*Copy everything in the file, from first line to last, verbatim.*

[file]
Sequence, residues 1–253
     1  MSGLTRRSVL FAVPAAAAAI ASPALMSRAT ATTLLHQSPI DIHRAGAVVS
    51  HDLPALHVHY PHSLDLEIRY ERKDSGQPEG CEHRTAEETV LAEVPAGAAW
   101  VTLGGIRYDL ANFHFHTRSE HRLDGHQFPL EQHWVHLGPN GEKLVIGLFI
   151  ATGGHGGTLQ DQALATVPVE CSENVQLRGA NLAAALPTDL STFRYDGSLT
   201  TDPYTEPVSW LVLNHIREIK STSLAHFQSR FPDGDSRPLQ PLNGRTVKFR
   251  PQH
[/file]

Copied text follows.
Sequence, residues 1–253
     1  MSGLTRRSVL FAVPAAAAAI ASPALMSRAT ATTLLHQSPI DIHRAGAVVS
    51  HDLPALHVHY PHSLDLEIRY ERKDSGQPEG CEHRTAEETV LAEVPAGAAW
   101  VTLGGIRYDL ANFHFHTRSE HRLDGHQFPL EQHWVHLGPN GEKLVIGLFI
   151  ATGGHGGTLQ DQALATVPVE CSENVQLRGA NLAAALPTDL STFRYDGSLT
   201  TDPYTEPVSW LVLNHIREIK STSLAHFQSR FPDGDSRPLQ PLNGRTVKFR
   251  PQH